A man from Canada was found guilty of committing the murder of a Muslim family in a truck attack in 2021.

A man from Canada has been convicted of four counts of first-degree murder and one count of attempted murder for killing four members of a Muslim family. This case served as a test for the country’s terror laws in prosecuting far-right extremism.

The jury deliberated for approximately six hours before finding Nathaniel Veltman guilty. He could potentially receive a life sentence without the possibility of parole for 25 years. Justice Renee Pomerance will be responsible for determining if Veltman’s actions qualify as terrorism during the sentencing process.

On the evening of June 6, 2021, Veltman, who is 22 years old, was accused of deliberately crashing his truck into a family of five while they were taking a walk in London, Ontario. He has been charged with four counts of murder and one count of attempted murder.

Salman Afzaal, aged 46, along with his wife Madiha Salman, aged 44, their 15-year-old daughter Yumna, and his 74-year-old grandmother Talat Afzaal, were victims of a deadly attack. Their nine-year-old son was critically wounded but managed to survive.

Shortly after the decision was made, the National Council of Canadian Muslims shared on their social media platform that justice had been served and urged the nation to contemplate the increase in hate crimes against Muslims.

Veltman initially admitted to police that he was responsible for the deaths of the four members of the Afzaal family, but later pleaded not guilty to all accusations.

In a nine-week court case, the prosecution revealed that Veltman admitted to detectives that he purposefully left his residence on the day of the assault with the intention of targeting and killing Muslims. He claimed that he was influenced by the 2019 Christchurch massacre where a white supremacist fatally shot 51 individuals.

When authorities searched his residence, they discovered two different versions of a document that he had authored called “A White Awakening.” In this document, he openly identified himself as a white nationalist.

The defense claimed that Veltman was innocent of first-degree murder and did not carry out an act of terrorism. They pointed out that there was no intention to harm the victims and no premeditated plan for the attack. Veltman also stated in court that his mental state at the time prevented him from comprehending the impact and repercussions of his actions.

In the concluding statements on Wednesday, the defense requested a new trial, claiming that certain aspects of the prosecution’s closing arguments were “excessively extreme.”

Justice Pomerance deemed a mistrial to be an extreme solution and not necessary in this situation. However, the jury was instructed to disregard any emotional language or unnecessary words used by the prosecution.

Pomerance declined efforts for an “unprecedented” restriction on Veltman’s “manifesto”. The prosecution had requested a permanent ban on the document, but the judge sided with the media, stating that journalists have a responsibility to report on the facts of the case.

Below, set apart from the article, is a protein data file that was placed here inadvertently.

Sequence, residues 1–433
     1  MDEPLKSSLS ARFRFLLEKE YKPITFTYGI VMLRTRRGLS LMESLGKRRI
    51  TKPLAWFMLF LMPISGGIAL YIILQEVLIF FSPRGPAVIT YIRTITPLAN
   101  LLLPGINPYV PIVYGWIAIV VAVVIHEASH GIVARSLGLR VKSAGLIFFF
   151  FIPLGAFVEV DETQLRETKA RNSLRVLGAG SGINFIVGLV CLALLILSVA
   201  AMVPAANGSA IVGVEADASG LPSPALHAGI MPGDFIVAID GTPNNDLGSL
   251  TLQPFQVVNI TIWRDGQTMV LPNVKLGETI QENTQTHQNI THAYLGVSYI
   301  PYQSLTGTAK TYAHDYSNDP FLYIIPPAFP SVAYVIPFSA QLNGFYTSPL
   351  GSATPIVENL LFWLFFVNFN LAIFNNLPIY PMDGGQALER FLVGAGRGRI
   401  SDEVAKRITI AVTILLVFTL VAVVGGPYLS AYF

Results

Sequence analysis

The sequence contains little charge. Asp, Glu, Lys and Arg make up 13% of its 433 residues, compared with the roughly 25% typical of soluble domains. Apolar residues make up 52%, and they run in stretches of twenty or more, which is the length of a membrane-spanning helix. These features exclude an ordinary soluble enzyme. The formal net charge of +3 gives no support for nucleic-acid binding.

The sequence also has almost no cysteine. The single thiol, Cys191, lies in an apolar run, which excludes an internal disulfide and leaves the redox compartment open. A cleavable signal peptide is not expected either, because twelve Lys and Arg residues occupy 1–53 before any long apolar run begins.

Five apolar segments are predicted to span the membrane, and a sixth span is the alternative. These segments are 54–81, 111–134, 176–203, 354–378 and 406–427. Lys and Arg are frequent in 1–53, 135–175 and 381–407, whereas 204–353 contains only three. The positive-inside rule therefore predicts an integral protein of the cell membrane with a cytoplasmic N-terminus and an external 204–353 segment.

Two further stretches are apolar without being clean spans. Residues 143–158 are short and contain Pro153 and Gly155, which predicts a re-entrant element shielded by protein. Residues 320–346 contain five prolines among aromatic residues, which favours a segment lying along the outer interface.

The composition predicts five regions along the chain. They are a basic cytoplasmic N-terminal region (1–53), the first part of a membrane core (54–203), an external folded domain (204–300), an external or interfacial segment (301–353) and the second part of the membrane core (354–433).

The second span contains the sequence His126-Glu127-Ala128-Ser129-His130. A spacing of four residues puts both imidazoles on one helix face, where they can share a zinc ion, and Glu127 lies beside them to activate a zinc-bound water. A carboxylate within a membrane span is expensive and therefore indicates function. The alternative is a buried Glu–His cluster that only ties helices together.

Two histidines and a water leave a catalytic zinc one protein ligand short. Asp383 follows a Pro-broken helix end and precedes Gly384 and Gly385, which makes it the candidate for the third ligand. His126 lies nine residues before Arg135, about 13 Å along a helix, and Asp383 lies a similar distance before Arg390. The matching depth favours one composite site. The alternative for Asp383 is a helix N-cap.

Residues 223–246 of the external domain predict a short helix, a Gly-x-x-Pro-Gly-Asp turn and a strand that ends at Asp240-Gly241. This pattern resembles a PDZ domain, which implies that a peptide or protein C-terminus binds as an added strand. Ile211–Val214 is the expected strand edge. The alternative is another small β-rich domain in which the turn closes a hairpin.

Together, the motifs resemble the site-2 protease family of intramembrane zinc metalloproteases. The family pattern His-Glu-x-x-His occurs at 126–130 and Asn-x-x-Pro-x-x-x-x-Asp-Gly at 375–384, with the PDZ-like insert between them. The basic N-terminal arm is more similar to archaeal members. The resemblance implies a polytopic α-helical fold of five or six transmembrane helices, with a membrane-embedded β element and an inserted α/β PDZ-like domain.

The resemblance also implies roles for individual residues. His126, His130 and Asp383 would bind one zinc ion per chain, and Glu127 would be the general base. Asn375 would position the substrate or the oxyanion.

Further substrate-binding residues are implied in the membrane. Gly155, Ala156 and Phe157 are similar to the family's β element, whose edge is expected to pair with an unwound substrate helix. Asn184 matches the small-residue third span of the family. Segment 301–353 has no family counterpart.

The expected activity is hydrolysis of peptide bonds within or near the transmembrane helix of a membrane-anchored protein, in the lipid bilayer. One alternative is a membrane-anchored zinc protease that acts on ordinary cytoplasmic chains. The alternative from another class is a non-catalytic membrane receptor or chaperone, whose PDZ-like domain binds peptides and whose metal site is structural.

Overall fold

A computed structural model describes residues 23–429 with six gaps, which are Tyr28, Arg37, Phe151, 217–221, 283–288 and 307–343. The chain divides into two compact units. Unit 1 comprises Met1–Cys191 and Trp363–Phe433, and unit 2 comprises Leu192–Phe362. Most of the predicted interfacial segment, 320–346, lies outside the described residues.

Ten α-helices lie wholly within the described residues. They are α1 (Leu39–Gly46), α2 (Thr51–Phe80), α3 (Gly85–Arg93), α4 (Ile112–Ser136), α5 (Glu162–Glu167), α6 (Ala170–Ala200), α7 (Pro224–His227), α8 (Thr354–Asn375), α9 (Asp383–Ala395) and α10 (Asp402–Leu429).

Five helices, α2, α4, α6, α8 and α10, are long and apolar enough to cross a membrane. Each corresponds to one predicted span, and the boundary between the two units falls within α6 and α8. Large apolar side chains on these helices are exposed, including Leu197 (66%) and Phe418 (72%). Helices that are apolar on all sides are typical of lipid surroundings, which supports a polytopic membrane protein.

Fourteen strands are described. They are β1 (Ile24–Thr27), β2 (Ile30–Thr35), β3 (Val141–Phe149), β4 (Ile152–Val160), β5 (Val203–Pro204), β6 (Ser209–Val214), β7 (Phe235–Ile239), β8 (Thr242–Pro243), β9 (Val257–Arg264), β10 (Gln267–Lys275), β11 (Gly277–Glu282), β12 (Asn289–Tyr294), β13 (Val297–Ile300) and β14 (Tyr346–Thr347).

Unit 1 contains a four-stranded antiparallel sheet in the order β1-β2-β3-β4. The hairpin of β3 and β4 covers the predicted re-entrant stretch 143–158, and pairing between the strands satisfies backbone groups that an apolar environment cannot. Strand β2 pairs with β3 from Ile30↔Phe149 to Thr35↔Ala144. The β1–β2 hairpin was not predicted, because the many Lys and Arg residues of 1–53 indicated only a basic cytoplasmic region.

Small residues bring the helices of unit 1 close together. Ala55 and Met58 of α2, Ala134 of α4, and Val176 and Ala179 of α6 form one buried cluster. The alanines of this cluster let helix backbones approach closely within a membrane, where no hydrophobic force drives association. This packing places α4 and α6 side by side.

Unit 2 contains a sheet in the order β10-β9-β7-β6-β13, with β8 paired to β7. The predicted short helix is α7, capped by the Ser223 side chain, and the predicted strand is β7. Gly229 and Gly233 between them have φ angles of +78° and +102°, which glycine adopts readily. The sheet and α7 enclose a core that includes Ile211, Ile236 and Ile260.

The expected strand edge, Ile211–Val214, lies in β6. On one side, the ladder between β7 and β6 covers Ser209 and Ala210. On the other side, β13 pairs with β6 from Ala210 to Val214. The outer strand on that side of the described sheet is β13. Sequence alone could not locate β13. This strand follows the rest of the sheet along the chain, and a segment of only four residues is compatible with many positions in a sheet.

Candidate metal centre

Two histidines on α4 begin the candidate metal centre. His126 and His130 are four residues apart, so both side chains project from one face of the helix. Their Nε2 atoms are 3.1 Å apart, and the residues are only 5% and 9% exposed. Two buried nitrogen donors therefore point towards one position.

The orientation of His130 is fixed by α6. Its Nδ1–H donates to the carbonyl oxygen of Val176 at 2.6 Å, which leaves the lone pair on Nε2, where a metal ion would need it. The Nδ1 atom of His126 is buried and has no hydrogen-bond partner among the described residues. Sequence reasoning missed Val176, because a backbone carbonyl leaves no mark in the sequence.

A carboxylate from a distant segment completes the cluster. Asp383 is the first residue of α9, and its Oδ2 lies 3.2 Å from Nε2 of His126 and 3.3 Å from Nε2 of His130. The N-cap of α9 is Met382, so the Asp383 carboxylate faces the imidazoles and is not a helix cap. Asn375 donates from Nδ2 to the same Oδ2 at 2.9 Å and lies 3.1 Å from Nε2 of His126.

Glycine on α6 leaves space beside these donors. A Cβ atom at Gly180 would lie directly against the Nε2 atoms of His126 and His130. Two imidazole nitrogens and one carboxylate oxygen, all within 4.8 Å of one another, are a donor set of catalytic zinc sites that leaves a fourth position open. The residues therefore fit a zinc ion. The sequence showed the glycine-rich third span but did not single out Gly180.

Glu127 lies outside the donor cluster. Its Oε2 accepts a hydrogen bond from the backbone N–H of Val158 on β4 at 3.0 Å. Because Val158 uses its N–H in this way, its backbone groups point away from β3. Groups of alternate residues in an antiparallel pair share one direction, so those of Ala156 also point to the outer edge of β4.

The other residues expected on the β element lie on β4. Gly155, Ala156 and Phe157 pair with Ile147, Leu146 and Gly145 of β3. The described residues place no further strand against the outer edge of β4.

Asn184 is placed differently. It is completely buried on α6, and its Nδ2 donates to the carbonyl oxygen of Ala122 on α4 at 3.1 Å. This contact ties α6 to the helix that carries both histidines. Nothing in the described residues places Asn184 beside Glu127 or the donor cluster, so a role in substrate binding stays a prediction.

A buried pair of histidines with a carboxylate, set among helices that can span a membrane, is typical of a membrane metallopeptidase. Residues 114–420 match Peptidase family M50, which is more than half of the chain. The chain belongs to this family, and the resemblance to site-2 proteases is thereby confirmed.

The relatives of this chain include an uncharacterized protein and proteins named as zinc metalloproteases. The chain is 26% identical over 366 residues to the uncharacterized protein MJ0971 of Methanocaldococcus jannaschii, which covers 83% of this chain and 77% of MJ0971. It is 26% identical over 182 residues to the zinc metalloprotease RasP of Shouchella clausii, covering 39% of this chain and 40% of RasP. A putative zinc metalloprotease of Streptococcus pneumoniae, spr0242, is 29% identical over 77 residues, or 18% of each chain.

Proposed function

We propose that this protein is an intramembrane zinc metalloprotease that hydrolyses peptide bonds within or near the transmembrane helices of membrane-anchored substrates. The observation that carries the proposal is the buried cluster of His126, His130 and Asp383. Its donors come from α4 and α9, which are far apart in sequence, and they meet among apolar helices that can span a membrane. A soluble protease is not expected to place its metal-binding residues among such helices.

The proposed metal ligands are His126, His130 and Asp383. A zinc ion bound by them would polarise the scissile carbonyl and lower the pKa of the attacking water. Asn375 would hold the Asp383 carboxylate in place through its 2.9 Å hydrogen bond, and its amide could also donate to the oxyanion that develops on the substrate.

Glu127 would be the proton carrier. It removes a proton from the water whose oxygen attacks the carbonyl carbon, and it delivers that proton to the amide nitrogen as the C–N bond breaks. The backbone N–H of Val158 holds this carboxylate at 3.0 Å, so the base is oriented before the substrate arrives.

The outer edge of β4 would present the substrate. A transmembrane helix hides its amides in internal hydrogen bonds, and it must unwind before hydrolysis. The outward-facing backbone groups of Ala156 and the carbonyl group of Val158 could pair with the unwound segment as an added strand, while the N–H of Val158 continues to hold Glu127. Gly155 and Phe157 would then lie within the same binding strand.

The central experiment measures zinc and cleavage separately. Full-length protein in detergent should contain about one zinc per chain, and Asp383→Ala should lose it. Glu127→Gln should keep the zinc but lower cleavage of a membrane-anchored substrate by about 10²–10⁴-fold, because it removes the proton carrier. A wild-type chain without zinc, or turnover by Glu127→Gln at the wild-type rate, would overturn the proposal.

The assault sparked feelings of surprise and sadness throughout Canada, leading to renewed appeals to address Islamophobia.

The Afzaal family, who moved to London from Pakistan in 2007, were highly respected by their community. Salman worked as a physiotherapist for the elderly, while Madiha was a writer and civil engineer working towards her PhD.

Yumna, a painter, has left her mark at London Islamic School through a breathtaking mural that covers an entire wall and is inspired by space. It features the quote, “aim for the moon, even if you miss, you’ll still reach the stars.” Talat, an artist and educator, was the backbone of their family and shared cherished walks with them every day.

The court’s decision in this case may provide more understanding of the anti-terrorism laws in the country, which were enacted following the events of September 11 in the US. The Terrorism Act states that the prosecution must demonstrate that Veltman’s actions were politically, religiously, or ideologically motivated and that he intended to intimidate or instill fear in the public. Historically, this law has primarily been used to prosecute individuals involved in violence linked to Islamist extremism. This trial of Veltman marks one of the few instances where the law has been used to prosecute someone believed to have been driven by far-right ideology.

“We all have a duty, both as individuals and as a community, to actively oppose and challenge hatred in any manifestation. This ruling does not excuse us from that duty,” stated Josh Morgan, the Mayor of London. “Rather, it should be a constant reminder of our obligation to continue our efforts and prevent such incidents from occurring again.”

The court is scheduled to reconvene on December 1st to determine the date of Veltman’s sentencing.

Source: theguardian.com